Brazil

Since the start of the pandemic, MST has donated more than 3400 tons of food

Donations initially given by encampments and settlements, are now part of two larger solidarity initiatives in Brazil

Translated by: Ítalo Piva

From the MST website* |
Delivery of meals in Monte União village, located in Almirante Tamandaré, in the state of Paraná - Ednubia Ghisi/MST

This past Tuesday (8th), after 115 days without a Health Minister, Brazil hit the grim milestone of 127.004 deaths as a result of the novel coronavirus.

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In the economy, the 9.7% drop in Brazil’s GDP over the second trimester of 2020, is larger than the cumulative sum of all previous recessions in history, says a study by the Brazilian Institute of Economics at the Getúlio Vargas Foundation (Ibre/FGV).

Faced with this scenario, the issue of food security has come back to haunt the country. Data recently published by the United Nations Food and Agriculture Organization (FAO), reveal that hunger is once again on the rise. According to the entity, 37,5 million people lived in situations of moderate food insecurity throughout the nation between 2014 and 2016. From 2017 to 2019 however, this number rose to 43,1 million. In terms of percentages, the figure rose from 18,3% to 20,6%.

Countering what is leading to certain tragedy, family agriculture in unison with Land Reform, reaffirms its role in combating hunger and inequality.

Since the start of the pandemic, the Rural Landless Workers’ Movement (MST) has engaged in acts of solidarity in 24 states of the country. Up till now, 3.400 tons of food have been donated in these states: Alagoas, Bahia, Ceará, Distrito Federal, Espírito Santo, Goiás, Mato Grosso, Mato Grosso do Sul, Maranhão, Minas Gerais, Paraíba, Pará, Paraná, Pernambuco, Piauí, Rio de Janeiro, Rio Grande do Norte, Rio Grande do Sul, Rondônia, Roraima, Santa Catarina, São Paulo, Sergipe e Tocantins.

“The donations are acts of direct dialogue between the people from the countryside and those in the city. Every time a Land Reform donation occurs, what is put on a Brazilian persons table is sustenance against hunger, against the social injustice that has always existed in Brazil, but which has intensified during this pandemic”, explains Kelli Mafort, from the MST national directorate.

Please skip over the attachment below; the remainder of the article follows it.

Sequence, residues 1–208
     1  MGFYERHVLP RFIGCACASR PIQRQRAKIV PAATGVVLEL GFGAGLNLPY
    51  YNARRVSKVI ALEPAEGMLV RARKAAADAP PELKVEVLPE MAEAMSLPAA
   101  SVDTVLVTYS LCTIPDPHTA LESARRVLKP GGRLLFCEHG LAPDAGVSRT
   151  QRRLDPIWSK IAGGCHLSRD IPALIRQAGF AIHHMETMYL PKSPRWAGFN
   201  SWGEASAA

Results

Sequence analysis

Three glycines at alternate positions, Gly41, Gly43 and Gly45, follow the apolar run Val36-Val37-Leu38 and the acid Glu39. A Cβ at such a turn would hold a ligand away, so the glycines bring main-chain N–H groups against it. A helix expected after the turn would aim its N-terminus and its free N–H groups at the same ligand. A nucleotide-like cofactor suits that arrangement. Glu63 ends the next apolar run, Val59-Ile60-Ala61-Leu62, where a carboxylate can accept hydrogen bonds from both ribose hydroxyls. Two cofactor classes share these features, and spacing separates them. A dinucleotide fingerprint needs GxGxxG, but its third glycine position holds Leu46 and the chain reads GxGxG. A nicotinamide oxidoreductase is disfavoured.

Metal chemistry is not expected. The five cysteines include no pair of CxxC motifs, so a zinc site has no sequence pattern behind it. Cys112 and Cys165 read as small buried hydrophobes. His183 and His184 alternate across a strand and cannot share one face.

The actions are undertaken in conjunction with the Periferia Viva Campaign, comprised of the MST, the Small Farmers Movement (MPA), the Movement of Those Affected by Dams (MAB), the Youth Uprising, the Workers’ Movement for Rights (MTD), the Movement for the People’s Sovereignty Over Mining (MAM). These mobilizations also occur in sync with the We Will Need Everyone Initiative, made up of the Brazil People’s Front and the People Without Fear Front. These actions range from the donation of fruits, vegetables and gardens, to ready made meals, personal protective equipment and hygiene products, to books.

Among the donations from this last week, was the giving of 50 ready made meals to app delivery workers in Rio de Janeiro. The donation of organic foods to partner entities makes up the East Side Without Hunger project, which also donated 230 food baskets in neighborhoods in São Paulo’s southern districts. In the state of Paraná, MST families have donated 430 tons of food during the pandemic.

15 community gardens have been planted in encampments in order to strengthen the flow of donations.

In the city of Curitiba, around 12.600 ready made meals were produced and distributed by the MST to people living on the streets, as well as families in need. In the state of Santa Catarina, food was donated to staff at the Tereza Ramos Hospital, in the municipality of Lages.

Beyond Brazil, the MST’s internationalist brigades located in Zambia, Haiti and Venezuela are also taking part in deeds of solidarity.

Mafort reminds us that the COVID-19 pandemic has made clear how important it is to allocate resources to peasant farming, since it is the only way to assure food security and sovereignty for the Brazilian population.

“To ensure that solidarity is maintained and products keep going from the countryside into empty plates in the city, we need more than good will, we need public policies”, concludes Kelli

*This article was published by MST. 

Edited by: Fernanda Alcântara